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Modeling the Effect of Damage in Composite Structures: Simplified Approaches by Christos Kassapoglou

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Chapter 2Holes

One of the most common stress risers in a composite structure is a hole. The presence of holes is inevitable in an airframe. Even though assembly methods other than fastening are used through increased co-curing and adhesive bonding, some fastener holes are always present. In addition, lightening holes (to reduce weight), holes to accommodate systems equipment (hydraulics, electrical, etc.) and window and access door cutouts are ever present (Figure 2.1). Finally, holes (punctures) created by tool drops, runway debris or other forms of damage also occur during service.

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Figure 2.1 Fuselage structure with lightening and attachment holes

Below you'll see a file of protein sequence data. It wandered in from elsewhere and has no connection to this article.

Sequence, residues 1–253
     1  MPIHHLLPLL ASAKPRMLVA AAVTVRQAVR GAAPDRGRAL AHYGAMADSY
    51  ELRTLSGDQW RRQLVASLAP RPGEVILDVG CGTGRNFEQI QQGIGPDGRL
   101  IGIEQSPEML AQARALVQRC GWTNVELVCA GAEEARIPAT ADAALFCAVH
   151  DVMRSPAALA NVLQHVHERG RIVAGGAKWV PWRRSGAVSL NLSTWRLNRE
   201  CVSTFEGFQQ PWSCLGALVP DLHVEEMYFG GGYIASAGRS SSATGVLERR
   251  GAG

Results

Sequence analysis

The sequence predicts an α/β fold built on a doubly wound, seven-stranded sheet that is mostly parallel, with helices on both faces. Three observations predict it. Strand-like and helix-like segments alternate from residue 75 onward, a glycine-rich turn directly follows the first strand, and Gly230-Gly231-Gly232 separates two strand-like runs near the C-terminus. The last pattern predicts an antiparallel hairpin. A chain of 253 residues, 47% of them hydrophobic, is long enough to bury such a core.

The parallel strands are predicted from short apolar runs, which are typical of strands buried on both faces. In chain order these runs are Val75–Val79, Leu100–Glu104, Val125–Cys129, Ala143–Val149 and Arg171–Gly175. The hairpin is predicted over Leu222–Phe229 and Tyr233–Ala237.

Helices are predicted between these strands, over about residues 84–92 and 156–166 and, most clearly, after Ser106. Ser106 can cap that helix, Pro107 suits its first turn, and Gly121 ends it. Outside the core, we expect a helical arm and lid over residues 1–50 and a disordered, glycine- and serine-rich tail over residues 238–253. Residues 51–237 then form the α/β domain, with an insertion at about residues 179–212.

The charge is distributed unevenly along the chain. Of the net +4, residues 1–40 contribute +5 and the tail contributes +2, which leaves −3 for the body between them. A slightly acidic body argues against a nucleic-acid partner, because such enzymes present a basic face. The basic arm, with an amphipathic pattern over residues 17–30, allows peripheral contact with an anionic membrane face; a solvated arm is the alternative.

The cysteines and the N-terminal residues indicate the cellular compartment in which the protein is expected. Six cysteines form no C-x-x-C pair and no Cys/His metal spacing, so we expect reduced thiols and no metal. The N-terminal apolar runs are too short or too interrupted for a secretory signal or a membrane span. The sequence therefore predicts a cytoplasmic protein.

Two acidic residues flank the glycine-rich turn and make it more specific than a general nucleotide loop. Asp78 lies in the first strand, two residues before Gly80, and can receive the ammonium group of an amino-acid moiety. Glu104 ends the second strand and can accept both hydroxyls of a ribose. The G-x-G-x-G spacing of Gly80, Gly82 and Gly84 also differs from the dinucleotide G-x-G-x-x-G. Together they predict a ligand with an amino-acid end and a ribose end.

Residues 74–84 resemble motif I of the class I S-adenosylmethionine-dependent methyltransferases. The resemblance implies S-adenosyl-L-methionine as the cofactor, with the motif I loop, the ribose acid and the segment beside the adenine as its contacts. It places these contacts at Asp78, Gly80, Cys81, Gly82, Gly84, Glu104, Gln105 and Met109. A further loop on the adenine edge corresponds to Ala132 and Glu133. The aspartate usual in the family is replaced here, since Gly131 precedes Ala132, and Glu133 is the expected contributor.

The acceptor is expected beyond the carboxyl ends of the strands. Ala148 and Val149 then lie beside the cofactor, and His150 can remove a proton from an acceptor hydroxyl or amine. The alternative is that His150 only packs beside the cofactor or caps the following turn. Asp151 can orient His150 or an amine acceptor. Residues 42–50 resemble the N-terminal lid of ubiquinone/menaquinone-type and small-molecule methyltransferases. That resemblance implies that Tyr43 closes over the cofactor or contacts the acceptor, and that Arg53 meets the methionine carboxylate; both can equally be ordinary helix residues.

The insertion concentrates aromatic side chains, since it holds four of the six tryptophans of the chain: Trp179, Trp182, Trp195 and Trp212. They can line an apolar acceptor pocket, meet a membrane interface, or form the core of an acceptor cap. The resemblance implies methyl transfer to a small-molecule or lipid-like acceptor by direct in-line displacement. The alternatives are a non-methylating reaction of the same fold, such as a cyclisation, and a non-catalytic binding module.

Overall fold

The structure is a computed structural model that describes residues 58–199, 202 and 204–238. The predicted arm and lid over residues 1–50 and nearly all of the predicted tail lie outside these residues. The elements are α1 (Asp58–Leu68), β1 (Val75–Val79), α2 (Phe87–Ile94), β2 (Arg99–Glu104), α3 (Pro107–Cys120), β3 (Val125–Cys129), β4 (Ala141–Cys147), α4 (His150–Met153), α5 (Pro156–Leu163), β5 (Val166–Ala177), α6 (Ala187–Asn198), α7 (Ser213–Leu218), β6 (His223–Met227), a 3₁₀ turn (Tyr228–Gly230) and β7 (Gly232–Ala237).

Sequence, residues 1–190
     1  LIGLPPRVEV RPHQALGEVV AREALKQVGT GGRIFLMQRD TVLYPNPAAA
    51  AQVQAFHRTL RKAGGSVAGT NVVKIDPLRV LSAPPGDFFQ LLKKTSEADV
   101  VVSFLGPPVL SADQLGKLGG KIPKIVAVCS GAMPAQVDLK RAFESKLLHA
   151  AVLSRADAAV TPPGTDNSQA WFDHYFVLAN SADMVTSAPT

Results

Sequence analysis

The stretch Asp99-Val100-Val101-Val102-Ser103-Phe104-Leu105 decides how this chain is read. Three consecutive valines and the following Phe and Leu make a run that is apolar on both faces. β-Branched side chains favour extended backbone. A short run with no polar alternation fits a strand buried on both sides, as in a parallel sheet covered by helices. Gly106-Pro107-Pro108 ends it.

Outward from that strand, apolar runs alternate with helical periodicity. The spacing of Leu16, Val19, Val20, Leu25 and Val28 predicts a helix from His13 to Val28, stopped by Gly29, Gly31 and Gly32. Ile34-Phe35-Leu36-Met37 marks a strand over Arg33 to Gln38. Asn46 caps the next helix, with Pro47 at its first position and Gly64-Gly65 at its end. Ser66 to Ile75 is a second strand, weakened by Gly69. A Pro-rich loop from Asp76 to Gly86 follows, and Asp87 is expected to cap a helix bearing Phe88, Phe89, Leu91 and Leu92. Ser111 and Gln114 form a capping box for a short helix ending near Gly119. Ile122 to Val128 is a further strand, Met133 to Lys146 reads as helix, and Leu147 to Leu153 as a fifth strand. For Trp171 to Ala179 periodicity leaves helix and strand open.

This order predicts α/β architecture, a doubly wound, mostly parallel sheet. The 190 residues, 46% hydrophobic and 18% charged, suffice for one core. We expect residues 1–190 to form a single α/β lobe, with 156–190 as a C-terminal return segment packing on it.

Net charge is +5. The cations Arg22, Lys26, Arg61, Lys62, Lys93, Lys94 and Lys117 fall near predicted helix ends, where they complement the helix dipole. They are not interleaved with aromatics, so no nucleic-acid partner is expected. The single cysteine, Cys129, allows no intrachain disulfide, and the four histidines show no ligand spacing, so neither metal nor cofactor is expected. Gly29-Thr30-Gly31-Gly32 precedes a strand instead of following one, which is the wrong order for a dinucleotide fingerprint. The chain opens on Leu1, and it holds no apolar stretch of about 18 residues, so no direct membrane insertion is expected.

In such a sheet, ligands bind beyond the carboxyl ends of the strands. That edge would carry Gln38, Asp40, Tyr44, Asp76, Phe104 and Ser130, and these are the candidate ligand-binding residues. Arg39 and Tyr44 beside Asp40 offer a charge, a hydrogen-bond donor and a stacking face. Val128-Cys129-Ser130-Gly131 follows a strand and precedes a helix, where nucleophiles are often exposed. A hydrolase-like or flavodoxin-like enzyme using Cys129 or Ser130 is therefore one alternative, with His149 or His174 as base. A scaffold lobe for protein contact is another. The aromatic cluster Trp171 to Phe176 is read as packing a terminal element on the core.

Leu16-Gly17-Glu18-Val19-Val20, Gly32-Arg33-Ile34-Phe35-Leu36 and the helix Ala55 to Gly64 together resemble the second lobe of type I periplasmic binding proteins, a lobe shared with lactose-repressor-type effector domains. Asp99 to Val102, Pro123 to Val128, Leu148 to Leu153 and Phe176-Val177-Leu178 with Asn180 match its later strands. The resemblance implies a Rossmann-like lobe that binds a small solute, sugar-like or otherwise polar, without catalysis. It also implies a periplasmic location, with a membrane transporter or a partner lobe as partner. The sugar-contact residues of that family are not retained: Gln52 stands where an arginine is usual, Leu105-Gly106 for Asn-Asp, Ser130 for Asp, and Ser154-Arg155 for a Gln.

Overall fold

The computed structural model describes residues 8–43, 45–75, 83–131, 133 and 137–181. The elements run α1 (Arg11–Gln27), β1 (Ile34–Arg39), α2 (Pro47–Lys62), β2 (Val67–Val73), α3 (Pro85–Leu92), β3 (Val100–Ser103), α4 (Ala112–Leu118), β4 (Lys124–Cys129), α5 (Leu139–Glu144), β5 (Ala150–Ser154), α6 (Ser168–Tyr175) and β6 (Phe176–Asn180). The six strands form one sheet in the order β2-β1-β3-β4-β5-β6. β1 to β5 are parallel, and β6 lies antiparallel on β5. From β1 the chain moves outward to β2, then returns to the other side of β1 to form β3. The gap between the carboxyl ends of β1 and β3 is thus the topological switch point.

Knowing how a composite structure responds in the presence of holes is, therefore, very important for generating robust and damage-tolerant designs. There is one additional reason for understanding how the strength of a composite structure is affected by the presence of a hole: Holes can be used to model other more complex forms of damage. Treating impact damage or through-thickness cracks as holes of equivalent size can simplify the design and analysis of such structures.

There are different types of holes depending on their shape and whether they are loaded or not. In addition to circular holes which will be the focus of this chapter, there are elliptical holes or cutouts and holes of irregular shape caused by high-speed damage ...

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